US9271753B2 (en) 2002-08-08 2016-03-01 Atropos Limited Surgical device
US9307976B2 (en) 2002-10-04 2016-04-12 Atropos Limited Wound retractor
US9295459B2 (en) 2003-02-25 2016-03-29 Applied Medical Resources Corporation Surgical access system
US8932214B2 (en) 2003-02-25 2015-01-13 Applied Medical Resources Corporation Surgical access system
US20080045790A1 (en) * 2003-04-14 2008-02-21 Softscope Medical Technologies, Inc. Self-propellable endoscopic apparatus and method
US9033867B2 (en) * 2003-04-14 2015-05-19 Fujifilm Corporation Self-propellable endoscopic apparatus and method
US9101354B2 (en) 2005-10-14 2015-08-11 Applied Medical Resources Corporation Wound retractor with gel cap
US9474519B2 (en) 2005-10-14 2016-10-25 Applied Medical Resources Corporation Hand access laparoscopic device
US9017254B2 (en) 2005-10-14 2015-04-28 Applied Medical Resources Corporation Hand access laparoscopic device
US9649102B2 (en) 2005-10-14 2017-05-16 Applied Medical Resources Corporation Wound retractor with split hoops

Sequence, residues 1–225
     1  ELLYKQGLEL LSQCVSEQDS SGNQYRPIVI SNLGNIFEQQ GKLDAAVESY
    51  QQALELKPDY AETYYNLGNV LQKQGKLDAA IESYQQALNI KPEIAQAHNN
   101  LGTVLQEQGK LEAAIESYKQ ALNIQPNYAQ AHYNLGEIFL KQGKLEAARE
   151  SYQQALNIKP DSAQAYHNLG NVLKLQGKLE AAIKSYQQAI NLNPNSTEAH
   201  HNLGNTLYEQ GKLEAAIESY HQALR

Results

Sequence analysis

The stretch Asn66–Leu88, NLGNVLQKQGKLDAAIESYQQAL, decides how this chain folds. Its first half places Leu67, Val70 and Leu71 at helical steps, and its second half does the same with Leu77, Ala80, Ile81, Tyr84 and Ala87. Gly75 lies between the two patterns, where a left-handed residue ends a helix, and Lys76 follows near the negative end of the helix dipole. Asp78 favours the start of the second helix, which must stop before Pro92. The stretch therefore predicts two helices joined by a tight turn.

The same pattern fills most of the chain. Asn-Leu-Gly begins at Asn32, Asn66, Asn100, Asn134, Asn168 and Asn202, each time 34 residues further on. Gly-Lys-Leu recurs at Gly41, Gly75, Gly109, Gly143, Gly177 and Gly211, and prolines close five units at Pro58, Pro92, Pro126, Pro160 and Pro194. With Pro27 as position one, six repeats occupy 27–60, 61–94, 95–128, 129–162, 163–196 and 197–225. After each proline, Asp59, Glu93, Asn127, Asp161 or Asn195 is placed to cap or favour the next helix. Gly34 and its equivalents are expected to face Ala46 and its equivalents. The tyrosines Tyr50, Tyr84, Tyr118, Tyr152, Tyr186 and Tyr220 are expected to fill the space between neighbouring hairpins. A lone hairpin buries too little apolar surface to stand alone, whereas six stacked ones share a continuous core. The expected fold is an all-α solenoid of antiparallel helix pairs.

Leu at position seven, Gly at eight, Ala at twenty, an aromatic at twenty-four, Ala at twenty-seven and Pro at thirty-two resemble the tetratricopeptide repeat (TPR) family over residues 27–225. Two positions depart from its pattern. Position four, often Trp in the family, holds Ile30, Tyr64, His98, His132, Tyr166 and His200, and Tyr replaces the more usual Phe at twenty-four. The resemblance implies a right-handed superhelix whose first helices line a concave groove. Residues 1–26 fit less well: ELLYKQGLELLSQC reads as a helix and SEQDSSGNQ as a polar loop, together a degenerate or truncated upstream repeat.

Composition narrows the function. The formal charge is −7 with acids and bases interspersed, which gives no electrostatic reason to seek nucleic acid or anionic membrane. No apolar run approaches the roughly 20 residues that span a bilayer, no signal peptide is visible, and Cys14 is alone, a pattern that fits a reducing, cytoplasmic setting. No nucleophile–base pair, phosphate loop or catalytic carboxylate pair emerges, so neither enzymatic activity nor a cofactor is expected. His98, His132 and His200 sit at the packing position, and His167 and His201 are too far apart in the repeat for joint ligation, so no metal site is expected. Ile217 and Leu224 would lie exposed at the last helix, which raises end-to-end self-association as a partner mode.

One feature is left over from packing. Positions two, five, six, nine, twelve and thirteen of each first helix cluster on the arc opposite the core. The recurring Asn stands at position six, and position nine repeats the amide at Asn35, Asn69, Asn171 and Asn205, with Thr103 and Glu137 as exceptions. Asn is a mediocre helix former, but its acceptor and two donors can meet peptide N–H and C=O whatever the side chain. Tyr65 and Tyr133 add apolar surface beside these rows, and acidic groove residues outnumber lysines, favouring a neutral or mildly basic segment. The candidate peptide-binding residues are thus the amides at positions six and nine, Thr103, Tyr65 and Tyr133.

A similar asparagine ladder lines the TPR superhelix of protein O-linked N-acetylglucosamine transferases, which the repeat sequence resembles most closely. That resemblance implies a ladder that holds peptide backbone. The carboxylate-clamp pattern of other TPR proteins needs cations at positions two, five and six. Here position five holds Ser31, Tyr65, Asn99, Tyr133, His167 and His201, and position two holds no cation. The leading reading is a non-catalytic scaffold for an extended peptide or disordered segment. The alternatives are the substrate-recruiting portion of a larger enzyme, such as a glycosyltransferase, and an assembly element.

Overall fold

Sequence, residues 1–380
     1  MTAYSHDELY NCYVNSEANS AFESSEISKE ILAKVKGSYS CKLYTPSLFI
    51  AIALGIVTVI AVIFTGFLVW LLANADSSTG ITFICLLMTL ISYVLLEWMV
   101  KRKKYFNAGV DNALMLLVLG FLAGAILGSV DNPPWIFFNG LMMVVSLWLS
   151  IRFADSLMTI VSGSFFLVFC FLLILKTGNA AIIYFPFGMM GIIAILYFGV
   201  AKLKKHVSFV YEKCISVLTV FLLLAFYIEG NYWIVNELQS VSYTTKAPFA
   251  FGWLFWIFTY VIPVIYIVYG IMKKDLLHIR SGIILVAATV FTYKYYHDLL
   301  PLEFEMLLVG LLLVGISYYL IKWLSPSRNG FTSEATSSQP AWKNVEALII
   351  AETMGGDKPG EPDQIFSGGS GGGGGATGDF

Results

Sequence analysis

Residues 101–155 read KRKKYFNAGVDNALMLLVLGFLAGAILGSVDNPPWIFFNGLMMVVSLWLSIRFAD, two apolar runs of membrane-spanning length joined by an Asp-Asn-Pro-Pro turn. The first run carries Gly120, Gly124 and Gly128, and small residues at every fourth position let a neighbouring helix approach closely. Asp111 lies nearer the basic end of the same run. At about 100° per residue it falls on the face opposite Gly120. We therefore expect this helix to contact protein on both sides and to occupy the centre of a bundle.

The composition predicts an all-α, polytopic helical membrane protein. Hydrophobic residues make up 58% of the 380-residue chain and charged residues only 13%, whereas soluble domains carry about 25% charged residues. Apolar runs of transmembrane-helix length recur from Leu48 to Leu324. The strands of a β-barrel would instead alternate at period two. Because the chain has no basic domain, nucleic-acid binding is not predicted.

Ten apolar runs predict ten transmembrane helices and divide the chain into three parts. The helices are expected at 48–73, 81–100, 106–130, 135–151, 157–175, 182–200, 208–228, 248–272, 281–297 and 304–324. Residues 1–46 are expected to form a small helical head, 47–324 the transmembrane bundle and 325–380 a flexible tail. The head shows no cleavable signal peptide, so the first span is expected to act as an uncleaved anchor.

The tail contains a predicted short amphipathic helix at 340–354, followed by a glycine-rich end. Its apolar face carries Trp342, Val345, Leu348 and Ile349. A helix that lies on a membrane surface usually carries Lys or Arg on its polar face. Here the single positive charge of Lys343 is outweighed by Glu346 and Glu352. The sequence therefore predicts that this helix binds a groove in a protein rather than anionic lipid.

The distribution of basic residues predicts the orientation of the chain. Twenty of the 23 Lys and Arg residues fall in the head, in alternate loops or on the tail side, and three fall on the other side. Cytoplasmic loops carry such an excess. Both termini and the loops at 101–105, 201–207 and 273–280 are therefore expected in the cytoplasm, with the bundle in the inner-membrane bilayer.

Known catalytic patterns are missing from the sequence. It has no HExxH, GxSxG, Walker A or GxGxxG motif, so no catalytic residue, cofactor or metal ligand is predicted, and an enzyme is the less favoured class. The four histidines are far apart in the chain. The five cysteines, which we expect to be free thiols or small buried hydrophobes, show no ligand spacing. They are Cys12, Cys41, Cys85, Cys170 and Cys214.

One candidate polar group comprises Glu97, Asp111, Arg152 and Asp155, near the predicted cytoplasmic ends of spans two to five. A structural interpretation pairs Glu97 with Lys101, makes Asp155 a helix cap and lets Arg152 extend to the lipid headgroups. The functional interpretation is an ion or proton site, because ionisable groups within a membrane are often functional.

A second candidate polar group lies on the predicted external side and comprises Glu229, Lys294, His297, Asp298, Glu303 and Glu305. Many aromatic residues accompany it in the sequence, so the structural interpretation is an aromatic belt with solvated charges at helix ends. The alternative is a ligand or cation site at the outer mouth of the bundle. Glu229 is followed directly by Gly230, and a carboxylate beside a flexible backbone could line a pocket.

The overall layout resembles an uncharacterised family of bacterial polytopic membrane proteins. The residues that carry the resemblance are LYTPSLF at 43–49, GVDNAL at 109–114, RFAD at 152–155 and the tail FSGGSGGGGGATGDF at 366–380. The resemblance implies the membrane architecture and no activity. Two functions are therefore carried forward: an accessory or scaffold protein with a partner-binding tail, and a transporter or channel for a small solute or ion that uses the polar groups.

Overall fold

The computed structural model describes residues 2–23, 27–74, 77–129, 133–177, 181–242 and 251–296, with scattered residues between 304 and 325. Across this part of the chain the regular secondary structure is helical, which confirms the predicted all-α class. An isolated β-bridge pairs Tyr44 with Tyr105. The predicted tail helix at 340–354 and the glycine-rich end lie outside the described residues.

US10188273B2 (en) 2007-01-30 2019-01-29 Loma Vista Medical, Inc. Biological navigation device
US20090043159A1 (en) * 2007-03-28 2009-02-12 The Cleveland Clinic Foundation Sleeve for endoscopic medical procedures
US8961410B2 (en) 2007-05-11 2015-02-24 Applied Medical Resources Corporation Surgical retractor with gel pad
US9351759B2 (en) 2007-06-05 2016-05-31 Atropos Limited Instrument access device
US10321934B2 (en) 2007-06-05 2019-06-18 Atropos Limited Instrument access device
US9408597B2 (en) 2007-06-05 2016-08-09 Atropos Limited Instrument access device
US9186488B2 (en) 2008-06-02 2015-11-17 Loma Vista Medical, Inc. Method of making inflatable medical devices
US9504811B2 (en) 2008-06-02 2016-11-29 Loma Vista Medical, Inc. Inflatable medical devices